You often hear that Wall Street focuses on the future, not the past. It’s a statement we wholeheartedly agree with, and days like Wednesday are a perfect example of why.
If you woke up Wednesday saw that the Advance Gross Domestic Product (GDP) number for the first quarter of 2014 came in at a paltry 0.1% annualized growth rate and thought to yourself, “Well, there goes the bull run on Wall Street,” you were not alone. That GDP number is shockingly low. If it hadn’t been for the expansion in healthcare spending — thanks to the Affordable Care Act (aka “Obamacare”) — GDP growth would have actually been negative for Q1. That’s not something traders usually smile about.
However, we have to remember two things about this report. First, the Advance GDP number is the first of three that we will get for Q1. There are two more opportunities — one in May and one in June — for that number to potentially be revised higher. Second, the GDP number is a backward-looking number, and Wall Street wants to know what is coming six to 12 months down the road.
For this, we turn to the next big news announcement of the day, which was the Federal Open Market Committee monetary policy statement. As it turns out, the FOMC acknowledges the rough patch the U.S. economy went through in Q1, but it doesn’t think it will last.
In fact, it is so confident the U.S. economy doesn’t need any further stimulus that it is going to continue with the gradual tapering of quantitative easing (QE) by cutting the amount of Treasuries and mortgage-backed securities it is buying from $55 billion per month to $45 billion per month.
It’s going to take a lot more than a 0.1% print on GDP to rattle the FOMC — and Wall Street — at this point.
The bottom line is that stock traders on Wall Street took all of Wednesday’s news in stride, and the major indices moved higher for the day. While there are certainly specific industry groups that are struggling right now, stocks in general still seem relatively strong.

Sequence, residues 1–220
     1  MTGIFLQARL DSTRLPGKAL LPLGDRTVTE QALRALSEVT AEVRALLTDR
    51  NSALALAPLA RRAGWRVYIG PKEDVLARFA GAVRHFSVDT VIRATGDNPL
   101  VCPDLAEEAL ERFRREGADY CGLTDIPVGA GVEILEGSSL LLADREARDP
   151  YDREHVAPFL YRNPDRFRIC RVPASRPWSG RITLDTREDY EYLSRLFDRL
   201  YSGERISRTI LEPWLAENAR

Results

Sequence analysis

This environment gives us a great opportunity to continue to take both bullish and bearish trades.
One sector that stands out as a laggard to us is homebuilding. The most recent National Association of Home Builders Sentiment Survey results were terrible. The NAHB tends to be fairly predictive for long-term direction for home builders, and we have been looking at option prices to find a good value. Surprisingly, the puts on Toll Brothers (TOL) are still relatively cheap, and we like this trade from a technical perspective as well.
The stock recently broke the neckline of a “head and shoulders” pattern and should continue lower in the near term. Long-term support at $30 per share seems to be the most likely target and lines up nicely with the traditional projection based on the head and shoulders pattern itself.
Whether rates go up or the market goes down, we think TOL and other homebuilders are in trouble, and we want to take advantage of that while the market remains so choppy.
Recommendation: Buy to open the TOL June 34 puts for a maximum price of $1.75.
InvestorPlace advisors John Jagerson and S. Wade Hansen are co-founders of LearningMarkets.com, as well as the co-editors of SlingShot Trader, a trading service designed to help you make options profits by trading the news from Wall Street and beyond. Get in on the next trade and get 1 free month today by clicking here.